The dominant narrative around books is that print is dead, and e-books are king.
New data from the UK and US shows that print is proving to be remarkably resilient - and in some cases is still outselling its electronic counterparts despite higher prices and delivery charges.
According to a new US-based study by Nielsen Books & Consumer, fewer e-books were sold in the first half of 2014 than both hardcovers and paperbacks.
Neilsen said e-books accounted for 23% of all sales, compared to 25% for hardcovers and 42% for paperbacks.
And the evidence is there for the UK too that print books are mounting a comeback - or rather a rearguard defence that is slowly looking more and more like an offensive.
The numbers are stark in terms of pure revenue - £300 million on 80 million e-books versus £2.2 billion on 323 million real books. E-books are up 20% year on year, but that growth is slowing.
Waterstones chief Tim Waterstone - who admittedly has a slight stake in the success or not of ebooks - told the Telegraph he thinks they might even go into a decline.
"The e-books have developed a share of the market, of course they have, but every indication – certainly from America – shows the share is already in decline. The indications are that it will do exactly the same in the UK."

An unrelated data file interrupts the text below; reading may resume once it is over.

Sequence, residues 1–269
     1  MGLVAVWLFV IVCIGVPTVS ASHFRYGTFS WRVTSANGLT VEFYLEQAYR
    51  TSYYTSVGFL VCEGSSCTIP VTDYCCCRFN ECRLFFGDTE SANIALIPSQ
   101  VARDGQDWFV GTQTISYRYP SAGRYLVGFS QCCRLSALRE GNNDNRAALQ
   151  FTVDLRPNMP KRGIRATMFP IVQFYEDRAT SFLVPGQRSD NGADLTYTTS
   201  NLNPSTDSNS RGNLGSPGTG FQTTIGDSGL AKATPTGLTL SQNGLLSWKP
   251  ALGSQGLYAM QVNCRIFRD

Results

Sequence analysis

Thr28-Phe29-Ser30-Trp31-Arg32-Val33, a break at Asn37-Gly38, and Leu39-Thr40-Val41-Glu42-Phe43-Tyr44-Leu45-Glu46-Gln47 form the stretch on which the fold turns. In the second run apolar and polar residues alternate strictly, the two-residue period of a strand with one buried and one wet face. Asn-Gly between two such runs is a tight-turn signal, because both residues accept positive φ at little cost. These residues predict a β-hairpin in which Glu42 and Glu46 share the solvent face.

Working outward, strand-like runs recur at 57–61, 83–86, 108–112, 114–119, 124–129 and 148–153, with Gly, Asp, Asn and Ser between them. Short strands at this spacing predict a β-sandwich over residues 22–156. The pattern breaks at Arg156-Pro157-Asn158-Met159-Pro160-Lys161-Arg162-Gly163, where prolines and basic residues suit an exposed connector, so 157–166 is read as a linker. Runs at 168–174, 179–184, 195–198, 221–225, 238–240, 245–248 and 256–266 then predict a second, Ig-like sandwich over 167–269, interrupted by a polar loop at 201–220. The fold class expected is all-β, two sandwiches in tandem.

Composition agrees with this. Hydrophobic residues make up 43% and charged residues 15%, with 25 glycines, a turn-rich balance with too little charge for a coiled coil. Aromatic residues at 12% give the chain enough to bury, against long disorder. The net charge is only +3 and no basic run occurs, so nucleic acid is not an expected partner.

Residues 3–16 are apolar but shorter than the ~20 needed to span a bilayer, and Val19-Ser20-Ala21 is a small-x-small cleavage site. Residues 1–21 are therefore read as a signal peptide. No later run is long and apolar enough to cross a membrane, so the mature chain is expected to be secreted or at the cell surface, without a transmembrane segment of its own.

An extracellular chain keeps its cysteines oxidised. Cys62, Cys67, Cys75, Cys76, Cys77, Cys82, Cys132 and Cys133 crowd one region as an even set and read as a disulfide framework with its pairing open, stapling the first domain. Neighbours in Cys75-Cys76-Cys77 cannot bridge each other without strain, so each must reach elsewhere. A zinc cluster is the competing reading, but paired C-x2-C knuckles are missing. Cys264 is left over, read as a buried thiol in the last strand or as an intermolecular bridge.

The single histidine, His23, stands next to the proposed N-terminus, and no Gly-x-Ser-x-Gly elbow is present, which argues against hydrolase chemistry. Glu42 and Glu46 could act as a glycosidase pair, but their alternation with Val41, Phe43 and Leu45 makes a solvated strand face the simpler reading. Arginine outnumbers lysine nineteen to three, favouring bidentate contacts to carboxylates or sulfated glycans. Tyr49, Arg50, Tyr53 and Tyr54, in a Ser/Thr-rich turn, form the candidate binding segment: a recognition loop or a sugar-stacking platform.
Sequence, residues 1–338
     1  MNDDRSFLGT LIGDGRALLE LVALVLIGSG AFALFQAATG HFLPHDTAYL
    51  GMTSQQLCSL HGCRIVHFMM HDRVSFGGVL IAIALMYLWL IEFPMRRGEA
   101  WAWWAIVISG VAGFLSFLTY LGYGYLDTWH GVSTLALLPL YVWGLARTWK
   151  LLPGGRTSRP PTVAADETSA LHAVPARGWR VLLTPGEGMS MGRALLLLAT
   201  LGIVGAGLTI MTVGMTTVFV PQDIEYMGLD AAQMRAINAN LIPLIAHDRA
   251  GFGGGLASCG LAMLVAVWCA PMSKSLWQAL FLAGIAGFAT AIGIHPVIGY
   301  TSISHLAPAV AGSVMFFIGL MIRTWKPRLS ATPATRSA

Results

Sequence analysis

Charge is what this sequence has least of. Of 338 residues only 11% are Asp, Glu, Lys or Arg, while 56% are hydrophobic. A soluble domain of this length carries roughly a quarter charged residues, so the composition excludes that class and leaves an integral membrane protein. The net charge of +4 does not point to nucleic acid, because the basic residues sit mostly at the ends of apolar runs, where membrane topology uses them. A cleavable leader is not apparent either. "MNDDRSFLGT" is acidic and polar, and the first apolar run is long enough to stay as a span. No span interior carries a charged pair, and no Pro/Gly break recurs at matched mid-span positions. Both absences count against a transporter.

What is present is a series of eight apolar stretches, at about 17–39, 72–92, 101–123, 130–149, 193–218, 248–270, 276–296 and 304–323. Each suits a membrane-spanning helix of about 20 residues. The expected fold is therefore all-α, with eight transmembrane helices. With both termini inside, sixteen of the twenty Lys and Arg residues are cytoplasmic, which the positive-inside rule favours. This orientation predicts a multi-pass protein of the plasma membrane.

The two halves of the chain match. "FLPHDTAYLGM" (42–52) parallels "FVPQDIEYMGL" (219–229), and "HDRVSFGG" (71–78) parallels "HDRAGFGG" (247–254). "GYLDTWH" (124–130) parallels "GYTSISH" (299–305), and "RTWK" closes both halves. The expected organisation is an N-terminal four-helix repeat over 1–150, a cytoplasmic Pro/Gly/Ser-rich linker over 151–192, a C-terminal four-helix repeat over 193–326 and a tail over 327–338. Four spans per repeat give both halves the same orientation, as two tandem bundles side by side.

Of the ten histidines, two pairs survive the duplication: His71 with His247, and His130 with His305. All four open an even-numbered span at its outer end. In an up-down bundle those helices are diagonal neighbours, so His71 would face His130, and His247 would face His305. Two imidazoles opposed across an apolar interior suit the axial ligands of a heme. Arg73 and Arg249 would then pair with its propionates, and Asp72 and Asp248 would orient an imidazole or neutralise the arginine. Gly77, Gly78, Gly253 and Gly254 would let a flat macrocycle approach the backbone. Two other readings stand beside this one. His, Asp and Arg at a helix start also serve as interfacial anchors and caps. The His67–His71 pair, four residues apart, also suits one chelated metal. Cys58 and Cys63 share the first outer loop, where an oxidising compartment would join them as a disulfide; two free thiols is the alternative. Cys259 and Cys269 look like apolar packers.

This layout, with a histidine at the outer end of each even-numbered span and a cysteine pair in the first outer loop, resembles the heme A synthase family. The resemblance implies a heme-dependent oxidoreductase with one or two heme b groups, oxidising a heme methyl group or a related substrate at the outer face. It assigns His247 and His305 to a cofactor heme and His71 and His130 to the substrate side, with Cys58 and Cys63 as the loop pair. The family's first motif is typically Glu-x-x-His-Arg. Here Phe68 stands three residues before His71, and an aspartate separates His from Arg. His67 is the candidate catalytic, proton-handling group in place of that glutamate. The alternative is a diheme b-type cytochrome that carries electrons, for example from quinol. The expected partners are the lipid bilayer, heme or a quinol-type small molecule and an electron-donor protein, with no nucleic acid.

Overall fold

The Amazon Kindle was the first e-book reader to hit true mainstream success, and was recently upgraded with a better screen and other doodads. But some have argued the continued success of bright, power-hungry tablets over lower-powered, easier-to-read e-ink devices means reading is still more pleasurable on paper.
Stephen King told HuffPost Live that he thinks print books are going nowhere:
"I think books are going to be there for a long, long time to come… recordings of music have only been around for, I'm going to say, 120 years at the most," he said.
"Books have been around for three, four centuries ... There's a deeply implanted desire and understanding and wanting of books that isn't there with music."Suggest a correction